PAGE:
Legal separation and divorce can be a stressful time for both parents, not to mention any children involved. Depending on the situation, arrangements for the children, such as child support or visitation arrangement, may turn sour.
In the event of complete non-agreement, it is often necessary to apply to court so as to enforce an order. However, there are instances where parents are able to come to a mutual agreement on child support costs they are both happy to comply with. In this case, it can be possible to arrange a non-court ordered child support agreement.
Once discussions commence regarding child support, if parents find that they are able to agree on a child support amount, how often this will be paid and for what amount of time, then the agreement can be finalized outside the court in both informal and formal ways.
Informal Non-Court Ordered Child Support Agreement
If trust is present and the situation permits, an informal agreement may be made whereby both parties agree on the child support arrangement. This type of informal arrangements can be made solely by the couple themselves without any other involvement.
However, it is highly advisable to translate any decisions into a written and signed document so as to avoid any misunderstandings or issues in the future. Although the situation may be amicable now, things can change, and having a written and signed agreement will make enforcement simpler.
Although still informal, if you are unsure of or nervous about any aspect of the process, or you feel you need some additional support, it can be possible to involve a family lawyer in your informal agreement. You may agree in theory with the offering from the other parent but would feel more confident with input from a professional, such as a family lawyer.
Legal professionals can guide and advise you throughout the process from the start; or if you are happy to work together for the majority of time, legal professionals can be pulled in just at the end to finalize any agreement to be put in place. As with any situation like this, specific case details will vary from couple to couple and a legal professional will be best placed to advise on your specific situation should you need guidance in order to agree on your child support amount.
Advice can range from preparing the proper documentation, understanding how to calculate a fair amount, understanding the specific rules that apply in your state, and any legal rights you should consider.
Formal Non-Court Ordered Child Support Agreement
In the event that an informal agreement is unable to be reached, the alternative option would be to go down the more formal route. This process is known as ADR, or Alternative Dispute Resolution.
ADR can be used as a method of resolving disputes both with and without the involvement of court. Out-of-court Alternative Dispute Resolution involves collaborating with family law professionals as well as mediation services in order to come to an agreement on any aspects of the child support agreement that cannot be decided upon. Alternative Dispute Resolution can be a useful process for those who are willing to work together to iron out any smaller issues that may come up, in order to prevent the agreement having to go through a court settlement.
Aside from being less formal than an official court settlement, using Alternative Dispute Resolution also tends to lean towards a quicker resolution than via official court proceedings. It is also important to remember that while an agreement remains away from court, parents still hold some form of control over any decisions made. In the event that a mutual decision cannot be reached out of court, the decision will inevitably be handed over for a judge to decide on the fate of the children and the amount of child support to be paid.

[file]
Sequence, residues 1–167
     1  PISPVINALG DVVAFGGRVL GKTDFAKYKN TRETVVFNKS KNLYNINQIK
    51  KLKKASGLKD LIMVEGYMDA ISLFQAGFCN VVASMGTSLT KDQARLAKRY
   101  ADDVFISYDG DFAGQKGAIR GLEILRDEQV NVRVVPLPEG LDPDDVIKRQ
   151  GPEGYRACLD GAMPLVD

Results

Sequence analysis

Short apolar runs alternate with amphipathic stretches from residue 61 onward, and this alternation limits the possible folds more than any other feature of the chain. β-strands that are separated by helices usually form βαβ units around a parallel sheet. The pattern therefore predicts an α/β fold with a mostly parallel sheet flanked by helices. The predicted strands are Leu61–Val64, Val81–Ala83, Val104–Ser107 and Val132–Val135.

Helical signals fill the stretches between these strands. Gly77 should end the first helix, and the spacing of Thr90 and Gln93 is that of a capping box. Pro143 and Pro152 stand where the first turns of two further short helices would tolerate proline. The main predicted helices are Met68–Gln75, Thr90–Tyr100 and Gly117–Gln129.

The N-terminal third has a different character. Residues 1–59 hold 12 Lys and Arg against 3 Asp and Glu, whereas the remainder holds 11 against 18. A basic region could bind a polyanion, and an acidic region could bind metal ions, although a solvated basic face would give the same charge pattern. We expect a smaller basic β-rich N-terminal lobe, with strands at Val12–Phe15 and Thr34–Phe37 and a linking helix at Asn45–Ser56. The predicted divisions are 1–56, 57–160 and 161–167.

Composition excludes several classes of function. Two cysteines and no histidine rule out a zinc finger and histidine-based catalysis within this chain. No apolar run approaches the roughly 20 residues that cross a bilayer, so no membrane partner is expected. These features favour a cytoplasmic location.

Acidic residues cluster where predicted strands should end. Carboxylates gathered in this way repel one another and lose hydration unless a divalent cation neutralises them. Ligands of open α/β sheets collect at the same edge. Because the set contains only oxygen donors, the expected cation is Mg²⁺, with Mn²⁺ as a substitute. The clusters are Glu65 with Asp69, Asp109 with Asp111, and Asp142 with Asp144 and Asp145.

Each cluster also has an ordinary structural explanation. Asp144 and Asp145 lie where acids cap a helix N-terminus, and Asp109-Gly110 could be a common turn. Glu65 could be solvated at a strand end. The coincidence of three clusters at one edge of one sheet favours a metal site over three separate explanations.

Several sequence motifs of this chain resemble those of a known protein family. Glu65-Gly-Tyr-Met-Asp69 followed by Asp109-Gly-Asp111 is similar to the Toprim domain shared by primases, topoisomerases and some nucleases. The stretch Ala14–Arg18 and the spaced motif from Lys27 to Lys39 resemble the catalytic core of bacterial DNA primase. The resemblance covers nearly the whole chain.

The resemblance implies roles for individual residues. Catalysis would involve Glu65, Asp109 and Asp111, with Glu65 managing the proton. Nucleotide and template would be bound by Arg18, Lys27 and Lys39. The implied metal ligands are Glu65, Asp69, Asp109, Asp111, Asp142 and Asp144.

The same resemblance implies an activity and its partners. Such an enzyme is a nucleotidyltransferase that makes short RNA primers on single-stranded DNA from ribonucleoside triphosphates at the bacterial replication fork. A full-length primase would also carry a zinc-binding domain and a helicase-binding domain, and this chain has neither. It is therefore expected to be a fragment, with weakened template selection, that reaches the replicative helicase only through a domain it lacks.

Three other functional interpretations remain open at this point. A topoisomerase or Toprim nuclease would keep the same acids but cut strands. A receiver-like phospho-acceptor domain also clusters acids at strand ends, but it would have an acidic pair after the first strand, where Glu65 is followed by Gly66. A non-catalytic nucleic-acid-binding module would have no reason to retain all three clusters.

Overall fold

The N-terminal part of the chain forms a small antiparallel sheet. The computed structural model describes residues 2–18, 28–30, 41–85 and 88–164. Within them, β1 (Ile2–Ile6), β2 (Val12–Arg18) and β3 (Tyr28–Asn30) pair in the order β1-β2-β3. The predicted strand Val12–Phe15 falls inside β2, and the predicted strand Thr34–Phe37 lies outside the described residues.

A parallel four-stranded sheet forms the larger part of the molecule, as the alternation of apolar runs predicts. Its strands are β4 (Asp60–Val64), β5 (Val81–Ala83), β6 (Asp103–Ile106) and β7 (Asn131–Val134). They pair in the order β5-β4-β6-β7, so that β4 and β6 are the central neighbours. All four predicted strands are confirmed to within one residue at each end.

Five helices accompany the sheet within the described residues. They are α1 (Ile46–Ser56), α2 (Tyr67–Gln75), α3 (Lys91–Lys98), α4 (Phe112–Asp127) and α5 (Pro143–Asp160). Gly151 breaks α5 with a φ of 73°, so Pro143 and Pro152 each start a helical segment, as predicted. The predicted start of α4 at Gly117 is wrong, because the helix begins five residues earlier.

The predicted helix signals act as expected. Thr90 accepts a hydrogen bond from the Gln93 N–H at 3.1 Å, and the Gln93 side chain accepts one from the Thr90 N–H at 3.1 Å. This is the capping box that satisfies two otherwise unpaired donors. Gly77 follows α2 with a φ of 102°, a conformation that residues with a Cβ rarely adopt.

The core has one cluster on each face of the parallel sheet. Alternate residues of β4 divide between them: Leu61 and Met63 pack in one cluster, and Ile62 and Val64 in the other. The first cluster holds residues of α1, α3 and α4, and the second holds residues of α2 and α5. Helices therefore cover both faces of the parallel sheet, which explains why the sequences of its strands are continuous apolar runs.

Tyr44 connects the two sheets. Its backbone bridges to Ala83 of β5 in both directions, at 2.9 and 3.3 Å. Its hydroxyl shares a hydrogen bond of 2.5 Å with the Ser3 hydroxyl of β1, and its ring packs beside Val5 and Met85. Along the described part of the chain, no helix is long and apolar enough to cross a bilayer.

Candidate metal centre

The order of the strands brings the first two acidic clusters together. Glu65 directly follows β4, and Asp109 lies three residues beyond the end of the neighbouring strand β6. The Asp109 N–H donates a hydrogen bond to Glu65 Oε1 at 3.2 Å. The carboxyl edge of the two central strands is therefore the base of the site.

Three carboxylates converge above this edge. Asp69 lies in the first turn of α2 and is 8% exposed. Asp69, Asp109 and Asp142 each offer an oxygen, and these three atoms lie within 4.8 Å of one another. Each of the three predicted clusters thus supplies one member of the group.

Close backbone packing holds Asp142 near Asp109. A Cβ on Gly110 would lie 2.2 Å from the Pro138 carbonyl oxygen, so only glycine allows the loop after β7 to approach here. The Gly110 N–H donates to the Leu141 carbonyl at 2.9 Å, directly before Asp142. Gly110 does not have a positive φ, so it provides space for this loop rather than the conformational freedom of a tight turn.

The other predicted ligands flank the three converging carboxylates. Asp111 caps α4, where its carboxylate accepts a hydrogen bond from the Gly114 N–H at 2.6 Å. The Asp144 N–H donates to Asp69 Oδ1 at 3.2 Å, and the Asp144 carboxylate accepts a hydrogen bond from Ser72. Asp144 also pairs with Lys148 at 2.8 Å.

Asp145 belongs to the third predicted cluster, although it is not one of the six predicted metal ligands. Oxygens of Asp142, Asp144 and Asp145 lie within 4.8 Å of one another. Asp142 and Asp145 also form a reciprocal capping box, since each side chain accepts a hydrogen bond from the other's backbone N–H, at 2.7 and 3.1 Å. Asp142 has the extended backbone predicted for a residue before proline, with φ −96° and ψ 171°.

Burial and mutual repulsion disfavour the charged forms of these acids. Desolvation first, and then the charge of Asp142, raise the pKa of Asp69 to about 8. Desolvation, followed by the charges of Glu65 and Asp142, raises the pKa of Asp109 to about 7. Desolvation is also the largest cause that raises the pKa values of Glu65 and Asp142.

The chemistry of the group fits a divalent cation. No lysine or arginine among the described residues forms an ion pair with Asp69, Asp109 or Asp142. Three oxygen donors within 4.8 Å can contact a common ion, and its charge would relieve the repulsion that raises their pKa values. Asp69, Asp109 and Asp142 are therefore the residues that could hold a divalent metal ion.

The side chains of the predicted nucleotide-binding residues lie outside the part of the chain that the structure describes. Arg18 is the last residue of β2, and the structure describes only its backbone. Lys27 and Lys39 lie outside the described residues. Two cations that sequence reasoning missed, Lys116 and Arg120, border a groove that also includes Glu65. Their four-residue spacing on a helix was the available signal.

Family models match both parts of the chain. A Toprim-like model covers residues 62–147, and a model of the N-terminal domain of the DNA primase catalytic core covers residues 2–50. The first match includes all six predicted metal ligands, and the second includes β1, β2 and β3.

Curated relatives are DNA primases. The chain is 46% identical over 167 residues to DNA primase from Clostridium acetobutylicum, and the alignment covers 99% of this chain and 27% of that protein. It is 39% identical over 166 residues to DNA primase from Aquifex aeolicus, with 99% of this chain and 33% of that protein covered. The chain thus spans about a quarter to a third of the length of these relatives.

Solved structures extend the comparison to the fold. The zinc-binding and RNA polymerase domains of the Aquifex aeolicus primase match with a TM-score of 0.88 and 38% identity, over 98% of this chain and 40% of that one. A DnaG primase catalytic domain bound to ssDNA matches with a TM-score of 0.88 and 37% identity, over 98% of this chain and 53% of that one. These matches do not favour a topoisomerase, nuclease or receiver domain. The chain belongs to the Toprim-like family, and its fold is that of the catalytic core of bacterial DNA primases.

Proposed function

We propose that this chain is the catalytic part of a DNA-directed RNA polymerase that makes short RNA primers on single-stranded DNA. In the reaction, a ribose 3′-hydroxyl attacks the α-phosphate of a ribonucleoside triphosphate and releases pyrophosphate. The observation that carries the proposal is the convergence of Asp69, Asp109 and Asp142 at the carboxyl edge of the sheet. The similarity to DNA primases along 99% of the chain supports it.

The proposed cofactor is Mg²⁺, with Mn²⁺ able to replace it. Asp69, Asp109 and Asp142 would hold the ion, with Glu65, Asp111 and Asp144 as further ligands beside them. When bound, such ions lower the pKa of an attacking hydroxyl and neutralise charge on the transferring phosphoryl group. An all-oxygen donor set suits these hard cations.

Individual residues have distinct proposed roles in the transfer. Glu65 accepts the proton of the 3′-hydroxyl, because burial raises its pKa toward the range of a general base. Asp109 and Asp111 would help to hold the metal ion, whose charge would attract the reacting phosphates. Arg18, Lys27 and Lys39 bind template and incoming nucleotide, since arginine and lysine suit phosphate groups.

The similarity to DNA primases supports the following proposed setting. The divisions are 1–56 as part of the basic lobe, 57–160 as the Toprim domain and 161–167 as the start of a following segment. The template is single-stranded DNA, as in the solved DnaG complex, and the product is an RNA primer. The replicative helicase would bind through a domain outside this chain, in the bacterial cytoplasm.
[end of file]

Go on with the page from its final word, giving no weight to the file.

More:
As with the more informal route, any agreements come under the formal ADR process should be written down in physical format and signed to show that both parties agree to the content. This not only provides proof that an agreement was reached, but makes things easier to enforce in the future should anything be brought into dispute.
Court Approval of Child Support Agreement
Whichever route you choose to pursue, it is often the case that a judge will look over the documented agreement to ensure it complies with state rules. This includes whether the agreement is in the best interest of the children, whether state guidelines on parental income have been considered, and whether negotiations have been carried out fairly. When such agreements have been made outside of court, amicably between both parents, it is often approved by the judge.
If an agreement is reached and approved, it must be adhered to by both parties. However, circumstances do change, and if you are unable to keep to your end of the deal due to some reason, it can be possible to change your child support agreement in some circumstances.
If both parties are able to agree on changes amicably then using the same informal process is possible, as described previously, in order to amend your agreement. Again, if there are slight changes that both parties are unable to agree on, mediation services can be sought.
What to do if You’re Going Through a Divorce/Separation
Going through a divorce can be a turbulent time for everybody involved. If you feel you can resolve a child support agreement yourself, this is of course always the preferred route as long as things are written down and approved. However, if there are some elements that you are unable to be agreed upon, you better seek help before things get out of hand. Get in touch with a family law attorney to discuss your options. Just because you are involving a family law specialist does not mean that you have to go through the court procedure and often a non-court ordered child support agreement can be reached that all are happy with.
Call the Family Law Team at (480) 467-4348 to discuss your case today.